At a press conference at the new Capitol Visitors’ Center, Senators John Tester (D-MT) and David Vitter (R-LA), the primary sponsors of the letter, said they would use the letter to persuade Senator Harry Reid (D-NV), the Majority Leader, and Sen. Mitch McConnell (R-KY) the Minority Leader, to put the NFIP long-term extension bill on the floor as soon as possible. Prompt action is needed because the current extension for the program ends May 31.
The current program has been operating on last minute extensions (with some breaks in the program) since September, 2008. As noted at the press conference by Charles Chamness, president and CEO of the National Association of Mutual Insurance Companies, the new flood season begins June 1, the day after the program expires.
Senator Tester acknowledges that support for the bill is not the holdup; the holdup is that Senator Reid is concerned that Senator McConnell will seek to use the "must-do bill" to push through controversial provisions opposed by Senate Democrats.
“Senator Vitter and I are very well aware that that this possibility exists on all bills, and we will have to work hard to ensure that the bill remains as narrow as possible,” Tester explained. Vitter added: “For no good reason, the NFIP was shut down for 53 days in 2010” because an extension to the program ran out. As a result, over 1,400 home closings were either cancelled or postponed. (He was citing data provided by the Property Casualty Insurers Association of America.) According to officials, in 2010, the NFIP lapsed four times and flood coverage could not be purchased or renewed for a total of 53 days.
Senator Vitter says Congress “must take the next step and pass legislation providing a long-term reauthorization of the program” before May 31. Also attending the meeting were officials of the Heartland Institute, the National Wildlife Federation, American Insurance Association, Taxpayers for Common Sense, American Rivers, NAMIC and RAA. All are supporting the effort to have the Senate act promptly on reauthorization legislation.
The Senate bill has no name. The House bill, H.R. 1309, the “Flood Insurance Reform Act of 2011,” passed last July by an overwhelming majority. The bill, sponsored by Representative Judy Biggert, (R-IL), would, among other provisions, extend the NFIP until Sept. 30, 2016. The Senate Banking Committee moved a similar bill "to the floor" in early September 2011. However, floor action has been pending since then. The letter was written to encourage movement on the reauthorization prior to the May 31st deadline.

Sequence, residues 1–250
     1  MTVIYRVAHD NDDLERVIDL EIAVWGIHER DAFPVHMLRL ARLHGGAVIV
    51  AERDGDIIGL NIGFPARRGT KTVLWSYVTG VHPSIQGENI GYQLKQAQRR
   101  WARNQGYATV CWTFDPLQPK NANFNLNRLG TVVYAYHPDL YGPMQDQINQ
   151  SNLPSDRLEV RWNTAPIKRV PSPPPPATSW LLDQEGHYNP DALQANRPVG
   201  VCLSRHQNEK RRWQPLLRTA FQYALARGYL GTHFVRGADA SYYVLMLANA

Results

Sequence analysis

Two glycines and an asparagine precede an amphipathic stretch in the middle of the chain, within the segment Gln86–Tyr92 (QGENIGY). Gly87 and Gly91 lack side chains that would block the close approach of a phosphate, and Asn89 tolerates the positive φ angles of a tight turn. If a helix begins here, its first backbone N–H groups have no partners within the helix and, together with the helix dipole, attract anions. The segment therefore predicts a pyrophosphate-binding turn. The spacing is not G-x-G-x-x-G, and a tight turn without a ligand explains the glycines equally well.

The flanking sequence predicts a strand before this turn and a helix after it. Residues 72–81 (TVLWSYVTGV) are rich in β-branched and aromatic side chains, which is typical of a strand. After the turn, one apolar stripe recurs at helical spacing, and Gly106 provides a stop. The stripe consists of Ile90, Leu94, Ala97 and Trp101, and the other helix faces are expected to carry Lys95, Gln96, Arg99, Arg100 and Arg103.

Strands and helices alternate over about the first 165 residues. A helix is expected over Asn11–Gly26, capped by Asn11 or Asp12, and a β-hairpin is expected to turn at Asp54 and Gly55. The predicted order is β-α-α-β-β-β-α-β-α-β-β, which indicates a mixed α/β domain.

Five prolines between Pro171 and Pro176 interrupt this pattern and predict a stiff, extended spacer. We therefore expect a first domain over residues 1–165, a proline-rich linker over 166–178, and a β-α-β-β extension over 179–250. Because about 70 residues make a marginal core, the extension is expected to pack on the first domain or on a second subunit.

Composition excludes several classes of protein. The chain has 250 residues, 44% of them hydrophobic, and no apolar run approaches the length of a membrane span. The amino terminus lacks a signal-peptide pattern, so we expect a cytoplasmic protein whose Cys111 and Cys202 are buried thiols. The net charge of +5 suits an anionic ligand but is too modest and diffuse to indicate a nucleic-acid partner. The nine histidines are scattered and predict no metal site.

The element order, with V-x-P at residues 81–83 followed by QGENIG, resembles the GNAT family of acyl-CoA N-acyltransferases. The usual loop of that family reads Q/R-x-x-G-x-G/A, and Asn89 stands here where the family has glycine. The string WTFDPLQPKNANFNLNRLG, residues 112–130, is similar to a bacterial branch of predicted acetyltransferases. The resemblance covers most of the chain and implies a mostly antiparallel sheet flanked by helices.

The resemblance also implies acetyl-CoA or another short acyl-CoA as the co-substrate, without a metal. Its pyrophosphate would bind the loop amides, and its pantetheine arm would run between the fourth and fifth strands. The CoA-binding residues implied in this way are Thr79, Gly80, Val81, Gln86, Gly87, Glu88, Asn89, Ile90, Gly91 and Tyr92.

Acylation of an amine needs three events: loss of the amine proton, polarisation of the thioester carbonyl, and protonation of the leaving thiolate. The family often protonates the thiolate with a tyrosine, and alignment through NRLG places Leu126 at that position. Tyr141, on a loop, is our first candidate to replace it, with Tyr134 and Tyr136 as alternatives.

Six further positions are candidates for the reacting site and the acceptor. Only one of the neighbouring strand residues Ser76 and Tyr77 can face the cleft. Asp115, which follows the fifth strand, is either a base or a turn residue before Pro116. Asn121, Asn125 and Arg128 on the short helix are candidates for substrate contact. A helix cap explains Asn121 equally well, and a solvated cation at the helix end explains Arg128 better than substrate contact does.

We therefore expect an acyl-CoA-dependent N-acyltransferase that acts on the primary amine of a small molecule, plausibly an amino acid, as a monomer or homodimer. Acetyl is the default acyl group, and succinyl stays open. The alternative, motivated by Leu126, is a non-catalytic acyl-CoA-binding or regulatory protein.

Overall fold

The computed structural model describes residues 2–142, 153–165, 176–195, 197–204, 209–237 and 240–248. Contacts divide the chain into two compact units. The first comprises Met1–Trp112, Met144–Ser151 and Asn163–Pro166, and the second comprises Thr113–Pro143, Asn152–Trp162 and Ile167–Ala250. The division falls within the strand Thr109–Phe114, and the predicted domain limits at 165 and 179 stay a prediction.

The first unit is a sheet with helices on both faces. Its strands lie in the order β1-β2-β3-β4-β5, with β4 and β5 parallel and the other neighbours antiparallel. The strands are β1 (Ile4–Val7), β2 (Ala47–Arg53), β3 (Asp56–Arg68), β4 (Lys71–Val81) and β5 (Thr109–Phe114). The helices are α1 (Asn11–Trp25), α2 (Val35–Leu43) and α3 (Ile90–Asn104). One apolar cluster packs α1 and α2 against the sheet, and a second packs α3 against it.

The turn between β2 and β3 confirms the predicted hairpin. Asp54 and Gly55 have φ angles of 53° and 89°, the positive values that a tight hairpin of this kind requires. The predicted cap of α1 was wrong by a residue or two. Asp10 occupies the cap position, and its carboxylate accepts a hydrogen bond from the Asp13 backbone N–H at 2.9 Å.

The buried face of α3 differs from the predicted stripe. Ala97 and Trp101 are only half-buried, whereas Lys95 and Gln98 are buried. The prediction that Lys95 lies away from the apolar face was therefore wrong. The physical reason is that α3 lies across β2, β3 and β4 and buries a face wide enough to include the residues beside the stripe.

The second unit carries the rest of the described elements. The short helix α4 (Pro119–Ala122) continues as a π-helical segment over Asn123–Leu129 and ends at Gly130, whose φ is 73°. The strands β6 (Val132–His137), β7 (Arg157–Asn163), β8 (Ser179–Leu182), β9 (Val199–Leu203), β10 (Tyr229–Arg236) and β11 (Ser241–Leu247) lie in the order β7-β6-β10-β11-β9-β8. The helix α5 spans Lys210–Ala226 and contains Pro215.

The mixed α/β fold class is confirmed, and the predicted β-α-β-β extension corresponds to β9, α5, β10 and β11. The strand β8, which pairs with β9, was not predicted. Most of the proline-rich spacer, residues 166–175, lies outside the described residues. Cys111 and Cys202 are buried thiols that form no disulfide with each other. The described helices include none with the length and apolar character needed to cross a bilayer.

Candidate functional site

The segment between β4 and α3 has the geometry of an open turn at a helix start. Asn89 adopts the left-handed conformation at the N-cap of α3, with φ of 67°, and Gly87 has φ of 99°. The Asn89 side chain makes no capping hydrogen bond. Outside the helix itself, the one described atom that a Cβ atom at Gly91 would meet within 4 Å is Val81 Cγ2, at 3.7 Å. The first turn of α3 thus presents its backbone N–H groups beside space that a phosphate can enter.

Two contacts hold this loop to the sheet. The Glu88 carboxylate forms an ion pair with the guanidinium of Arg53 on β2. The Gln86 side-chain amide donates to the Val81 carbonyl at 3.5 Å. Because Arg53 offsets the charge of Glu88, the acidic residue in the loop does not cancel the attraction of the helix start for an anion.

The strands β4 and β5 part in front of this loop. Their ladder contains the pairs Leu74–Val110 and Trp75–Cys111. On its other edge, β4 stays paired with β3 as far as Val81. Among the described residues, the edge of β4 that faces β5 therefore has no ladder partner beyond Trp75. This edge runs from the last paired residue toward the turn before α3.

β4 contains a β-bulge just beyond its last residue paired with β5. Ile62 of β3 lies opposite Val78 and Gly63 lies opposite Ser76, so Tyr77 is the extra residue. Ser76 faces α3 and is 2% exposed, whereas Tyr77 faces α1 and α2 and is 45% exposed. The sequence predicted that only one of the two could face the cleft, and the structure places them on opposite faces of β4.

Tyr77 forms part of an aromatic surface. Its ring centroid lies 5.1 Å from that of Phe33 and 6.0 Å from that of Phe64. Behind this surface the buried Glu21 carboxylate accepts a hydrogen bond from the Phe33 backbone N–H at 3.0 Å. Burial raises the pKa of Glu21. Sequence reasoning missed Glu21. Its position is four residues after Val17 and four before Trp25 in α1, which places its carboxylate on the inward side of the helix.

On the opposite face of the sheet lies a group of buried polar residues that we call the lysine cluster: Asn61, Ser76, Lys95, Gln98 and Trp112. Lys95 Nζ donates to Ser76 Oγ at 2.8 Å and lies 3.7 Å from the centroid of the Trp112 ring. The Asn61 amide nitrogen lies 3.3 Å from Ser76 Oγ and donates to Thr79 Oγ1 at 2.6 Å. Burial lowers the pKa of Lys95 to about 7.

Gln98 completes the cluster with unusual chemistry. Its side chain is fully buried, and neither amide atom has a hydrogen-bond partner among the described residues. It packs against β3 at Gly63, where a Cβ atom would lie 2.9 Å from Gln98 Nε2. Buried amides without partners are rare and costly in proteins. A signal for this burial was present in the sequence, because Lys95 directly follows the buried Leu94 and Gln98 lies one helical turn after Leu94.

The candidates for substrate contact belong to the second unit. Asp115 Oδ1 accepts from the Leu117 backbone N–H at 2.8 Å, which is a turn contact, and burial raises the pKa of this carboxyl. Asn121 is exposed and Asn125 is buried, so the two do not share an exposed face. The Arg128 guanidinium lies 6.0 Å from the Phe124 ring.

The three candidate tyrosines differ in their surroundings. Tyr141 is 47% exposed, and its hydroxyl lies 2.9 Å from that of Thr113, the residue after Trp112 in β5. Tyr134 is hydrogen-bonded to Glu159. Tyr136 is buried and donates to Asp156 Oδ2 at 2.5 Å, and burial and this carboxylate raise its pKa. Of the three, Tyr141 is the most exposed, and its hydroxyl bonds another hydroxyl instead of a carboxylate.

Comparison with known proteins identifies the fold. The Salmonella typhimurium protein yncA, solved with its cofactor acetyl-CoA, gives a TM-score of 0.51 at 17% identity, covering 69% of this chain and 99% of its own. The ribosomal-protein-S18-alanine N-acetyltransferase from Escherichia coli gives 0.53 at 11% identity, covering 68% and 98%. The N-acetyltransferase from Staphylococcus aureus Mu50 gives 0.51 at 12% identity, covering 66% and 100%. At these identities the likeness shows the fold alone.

Newly published guidance from the Appraisal Institute helps appraisers know when and how to use distressed sales, such as foreclosures, as comparable sales. Such knowledge is crucial in the current market where distressed sales are common, creating complex valuation challenges.
AI’s Guide Note 11: Comparable Selection in a Declining Market notes: "transactions used in an appraisal assignment require adjustments for changes in market conditions."
The Appraisal Institute’s Guide Note 11 says: “A declining market will likely exhibit very little sales activity. When the sales comparison approach is necessary, but there are virtually no current sales in the market area to analyze as comps, the appraiser must: (1.) Expand the geographic area for comp search, then adjust for location as appropriate, and/or (2.) Use less recent sales, then adjust for market conditions as appropriate.”
It continues: “Appraisers cannot categorically discount foreclosures and short sales as potential comps in the sales comparison approach.” However, due to differences between their conditions of sale and the conditions outlined in the market value definition, these might not be usable as comps.
Further, foreclosures and short sales usually do not meet the conditions outlined in the definition of market value, the Guide Note says. A short sale or a sale of a property that occurred prior to a foreclosure might have involved atypical seller motivations (e.g., a highly motivated seller.) A sale of a bank-owned property might have involved typical motivations, so the fact that it was a foreclosed property would not render it ineligible as a comp. However, the Guide Note also points out, if the foreclosed property was sold without a typical marketing program, or if it had become stigmatized as a foreclosure, it might need to be adjusted if used as a comp. Also, some foreclosed properties are in inferior condition, so adjustments for physical condition may be needed.